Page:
New York Giants Look to Avoid Familiar Second-Half Collapse in 2012

Kevin BoilardCorrespondent IOctober 29, 2012

Defensive captain Justin Tuck wants to duplicate the team's early-season performance.
Defensive captain Justin Tuck wants to duplicate the team's early-season performance.Brian Bahr/Getty Images

The New York Giants are 6-2 for the sixth time since Tom Coughlin took over as the team’s head coach in 2004. While two of those seasons (2007 and 2011) have ended in Super Bowl glory, the rest have had less memorable endings.

The Giants are not strangers to second-half meltdowns; many of the team’s veteran players vividly remember the pain associated with those shortcomings. One of those players, defensive end and team captain Justin Tuck, wants to make sure the Giants avoid a collapse in the last half of this season, as he explained to the New York Daily News’ Ralph Vacchiano:

I know. Believe me I know. I mean, you’re aware of it but you don’t dwell on it. I think about it. The past is the past, but hopefully you learn from it and get stronger form it. But it warrants a little bit of my thoughts, knowing that we’re kind of on a high right now, but we can’t allow ourselves to stay on that high.

In Tuck’s rookie year (2005), Coughlin’s second season, the Giants didn’t suffer a total collapse. They finished the season with a respectable 11-5 record, but were shut out, 23-0, by the Carolina Panthers in the Wild Card round of the playoffs. The 2005 season was a step in the right direction for the previously rebuilding Giants, but the following year they took was a huge setback.

After starting the season off 6-2 in 2006, Coughlin’s Giants lost six of their next seven games, falling to 7-8 just before taking on the Washington Redskins in Week 17. The Giants were able to top the Redskins in that matchup, 34-28, just barely edging out the Panthers, Green Bay Packers and St. Louis Rams (all 8-8), for the NFC’s final playoff berth thanks to a tiebreaker. 

The Giants did very little with their ’06 postseason opportunity, as they lost to the Philadelphia Eagles, who they had split games with in the regular season, by a score of 23-20 in the first round.

New York’s most painful collapses, however, have come in the three seasons bookended by its two Super Bowl victories.

The Giants began their 2008 title defense on a tear, winning 11 of their first 12 games of the season.  The team fell apart, though, after wide receiver Plaxico Burress shot himself in the leg, forcing him to miss the team’s final four contests of the regular season. 

New York went 1-3 in those games and backed into the playoffs.  Although they were still the NFC’s top-seeded team that year, the Giants fell, 23-11, once again to the Eagles—this time in the Divisional Round following a first-round bye.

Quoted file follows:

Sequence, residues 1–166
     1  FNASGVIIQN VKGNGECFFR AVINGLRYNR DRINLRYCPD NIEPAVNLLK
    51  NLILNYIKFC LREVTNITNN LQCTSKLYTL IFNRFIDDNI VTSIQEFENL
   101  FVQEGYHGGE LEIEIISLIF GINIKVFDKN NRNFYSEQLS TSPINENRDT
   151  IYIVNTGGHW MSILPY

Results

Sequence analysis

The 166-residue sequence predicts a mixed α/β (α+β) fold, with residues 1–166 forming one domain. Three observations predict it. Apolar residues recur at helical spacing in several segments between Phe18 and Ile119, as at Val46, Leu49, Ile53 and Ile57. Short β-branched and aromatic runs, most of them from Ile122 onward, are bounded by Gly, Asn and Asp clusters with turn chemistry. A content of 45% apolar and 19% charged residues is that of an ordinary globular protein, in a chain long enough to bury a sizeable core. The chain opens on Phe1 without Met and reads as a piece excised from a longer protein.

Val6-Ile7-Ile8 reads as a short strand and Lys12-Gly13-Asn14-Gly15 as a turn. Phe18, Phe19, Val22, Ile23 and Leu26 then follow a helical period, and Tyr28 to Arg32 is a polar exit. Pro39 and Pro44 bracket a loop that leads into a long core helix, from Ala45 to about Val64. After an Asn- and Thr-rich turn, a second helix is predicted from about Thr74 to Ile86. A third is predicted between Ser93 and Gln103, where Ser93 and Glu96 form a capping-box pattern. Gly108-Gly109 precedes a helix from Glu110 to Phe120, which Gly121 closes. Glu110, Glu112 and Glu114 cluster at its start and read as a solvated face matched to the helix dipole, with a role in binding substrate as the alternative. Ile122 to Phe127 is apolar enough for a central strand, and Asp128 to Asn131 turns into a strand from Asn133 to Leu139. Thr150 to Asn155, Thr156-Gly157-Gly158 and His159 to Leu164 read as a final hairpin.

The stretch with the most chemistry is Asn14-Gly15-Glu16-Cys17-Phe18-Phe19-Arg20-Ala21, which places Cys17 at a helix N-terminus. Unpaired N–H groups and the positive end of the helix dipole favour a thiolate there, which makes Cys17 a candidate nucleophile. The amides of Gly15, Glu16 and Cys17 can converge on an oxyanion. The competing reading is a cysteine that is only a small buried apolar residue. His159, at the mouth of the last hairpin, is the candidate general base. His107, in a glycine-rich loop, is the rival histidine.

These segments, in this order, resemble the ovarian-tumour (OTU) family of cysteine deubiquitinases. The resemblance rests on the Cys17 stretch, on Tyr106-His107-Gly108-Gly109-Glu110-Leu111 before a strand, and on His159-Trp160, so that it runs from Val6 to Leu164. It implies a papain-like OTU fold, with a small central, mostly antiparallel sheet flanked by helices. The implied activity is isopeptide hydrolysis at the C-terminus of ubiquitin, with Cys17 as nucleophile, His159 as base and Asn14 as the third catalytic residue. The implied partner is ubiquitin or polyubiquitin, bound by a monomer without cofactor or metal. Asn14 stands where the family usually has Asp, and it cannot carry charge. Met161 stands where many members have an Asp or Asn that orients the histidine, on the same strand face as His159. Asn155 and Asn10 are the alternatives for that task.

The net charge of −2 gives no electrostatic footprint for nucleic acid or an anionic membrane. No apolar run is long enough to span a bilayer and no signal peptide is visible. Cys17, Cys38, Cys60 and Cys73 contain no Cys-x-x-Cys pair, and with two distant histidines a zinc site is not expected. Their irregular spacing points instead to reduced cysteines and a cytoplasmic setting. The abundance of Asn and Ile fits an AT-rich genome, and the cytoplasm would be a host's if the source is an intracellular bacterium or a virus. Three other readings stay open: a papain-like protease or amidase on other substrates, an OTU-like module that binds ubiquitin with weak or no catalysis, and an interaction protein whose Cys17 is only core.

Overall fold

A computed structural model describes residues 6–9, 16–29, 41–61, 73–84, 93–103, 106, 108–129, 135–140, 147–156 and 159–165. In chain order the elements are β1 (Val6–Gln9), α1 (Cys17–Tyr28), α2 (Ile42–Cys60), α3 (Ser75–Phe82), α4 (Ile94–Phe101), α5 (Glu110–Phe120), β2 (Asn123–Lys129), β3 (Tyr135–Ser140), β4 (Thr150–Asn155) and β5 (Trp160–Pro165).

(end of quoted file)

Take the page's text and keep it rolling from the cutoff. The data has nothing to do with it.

The Giants overcame their disappointing ’08 season by starting the following season off with five straight wins. New York’s luck didn’t last very long in 2009, though, as the team dropped the next four games and only won three more over the remainder of the season. The Giants finished 8-8 in ’09 and failed to qualify for postseason play.

Most Giants fans have a flashbulb memory of the 2010 collapse: Miracle in the New Meadowlands.  The Giants were 9-4 heading into their Week 15 matchup with the Eagles and in perfect playoff positioning. However, after leading by 21 points in the fourth quarter, New York allowed Philadelphia to rally back to a 38-31 victory as time expired.

Matt Dodge’s poorly executed punt and DeSean Jackson’s now infamous, game-clinching return clearly had a lasting effect on the Giants, as they were steamrolled by the Packers, 45-17, the following week. 

The back-to-back late-season losses allowed the Eagles to control their own playoff destiny in Week 17. Despite posting a usually reputable 10-6 record, New York missed the postseason for a second straight year.

For players like Tuck, the importance of avoiding another second-half meltdown cannot be understated. New York has some stiff competition coming up in the final eight games of the 2012 season, and Tuck knows that his team will have to be on its A-game to perpetuate the success they’ve experienced so far (via Vacchianno):

What I’m worried about is what we’ve always done. We’ve always been 6-2 at the break or 5-3 at the break. We’ve got to find ways to make sure we keep this thing going.  I think the NFC is going to be the powerhouse of the NFL this year, so we’ve got to keep pace. Atlanta is still undefeated. You know San Fran who you know is going to be there at the end of the year. We’ve got some surprise teams that are playing well. So we don’t have time to sit back and gloat about being 6-2 because we all know that we still got a gauntlet to go through and this thing could still turn for the worse if we don’t keep focused and keep doing what we’re doing. So that’s where our focus is.

At 6-2, New York has a firm 2.5-game lead over the NFC East’s second place teams, the Cowboys and Eagles (both 3-4), and a full 3.0-game lead on the last place Redskins (3-5). The Giants are ranked very highly in most NFL power rankings, but nothing is certain at midseason, because if New York’s last title defense taught us anything, it’s that things can unravel just as quickly as they come together.